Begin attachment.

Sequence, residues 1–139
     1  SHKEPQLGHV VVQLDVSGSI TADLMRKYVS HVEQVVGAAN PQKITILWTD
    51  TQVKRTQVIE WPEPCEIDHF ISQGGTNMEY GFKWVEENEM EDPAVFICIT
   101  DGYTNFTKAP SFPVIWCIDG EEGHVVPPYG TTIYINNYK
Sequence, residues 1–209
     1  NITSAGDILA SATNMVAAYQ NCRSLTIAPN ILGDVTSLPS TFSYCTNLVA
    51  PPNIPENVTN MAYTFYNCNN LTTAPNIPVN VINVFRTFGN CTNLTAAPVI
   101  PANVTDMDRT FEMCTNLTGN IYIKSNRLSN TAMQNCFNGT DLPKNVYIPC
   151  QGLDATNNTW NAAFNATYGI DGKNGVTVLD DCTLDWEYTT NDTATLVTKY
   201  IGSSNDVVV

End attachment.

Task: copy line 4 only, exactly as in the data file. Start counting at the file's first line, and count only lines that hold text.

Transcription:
   101  DGYTNFTKAP SFPVIWCIDG EEGHVVPPYG TTIYINNYK